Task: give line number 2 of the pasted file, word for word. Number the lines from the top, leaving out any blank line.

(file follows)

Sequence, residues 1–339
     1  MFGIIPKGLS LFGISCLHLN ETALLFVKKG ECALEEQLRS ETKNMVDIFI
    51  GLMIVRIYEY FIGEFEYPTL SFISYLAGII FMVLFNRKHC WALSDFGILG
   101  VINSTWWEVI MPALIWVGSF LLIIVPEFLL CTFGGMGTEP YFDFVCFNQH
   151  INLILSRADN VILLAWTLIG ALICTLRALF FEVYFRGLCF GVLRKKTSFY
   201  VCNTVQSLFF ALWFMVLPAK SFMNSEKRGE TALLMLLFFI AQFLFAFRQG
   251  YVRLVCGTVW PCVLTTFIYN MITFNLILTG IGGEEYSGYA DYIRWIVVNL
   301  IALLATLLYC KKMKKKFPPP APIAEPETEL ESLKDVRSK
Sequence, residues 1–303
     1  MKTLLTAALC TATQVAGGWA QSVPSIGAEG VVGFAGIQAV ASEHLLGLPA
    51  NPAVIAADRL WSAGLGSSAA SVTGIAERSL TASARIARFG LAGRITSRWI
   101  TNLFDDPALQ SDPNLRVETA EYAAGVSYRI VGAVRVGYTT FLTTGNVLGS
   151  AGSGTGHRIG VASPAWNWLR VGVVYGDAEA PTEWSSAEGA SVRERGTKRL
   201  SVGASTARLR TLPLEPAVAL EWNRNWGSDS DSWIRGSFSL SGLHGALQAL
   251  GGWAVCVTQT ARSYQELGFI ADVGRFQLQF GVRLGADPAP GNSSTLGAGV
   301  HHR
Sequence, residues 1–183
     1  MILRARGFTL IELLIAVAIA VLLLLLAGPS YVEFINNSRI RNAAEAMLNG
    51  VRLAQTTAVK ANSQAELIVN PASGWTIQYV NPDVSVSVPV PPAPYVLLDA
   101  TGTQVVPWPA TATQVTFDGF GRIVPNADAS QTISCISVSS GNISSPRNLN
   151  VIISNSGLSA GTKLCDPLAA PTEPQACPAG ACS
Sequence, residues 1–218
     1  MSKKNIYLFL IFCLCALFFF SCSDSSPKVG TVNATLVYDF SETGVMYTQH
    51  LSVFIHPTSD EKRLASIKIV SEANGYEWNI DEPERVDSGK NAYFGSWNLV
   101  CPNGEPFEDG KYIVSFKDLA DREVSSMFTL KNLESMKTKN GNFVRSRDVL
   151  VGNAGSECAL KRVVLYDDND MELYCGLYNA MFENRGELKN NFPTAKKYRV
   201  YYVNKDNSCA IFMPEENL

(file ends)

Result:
     1  MFGIIPKGLS LFGISCLHLN ETALLFVKKG ECALEEQLRS ETKNMVDIFI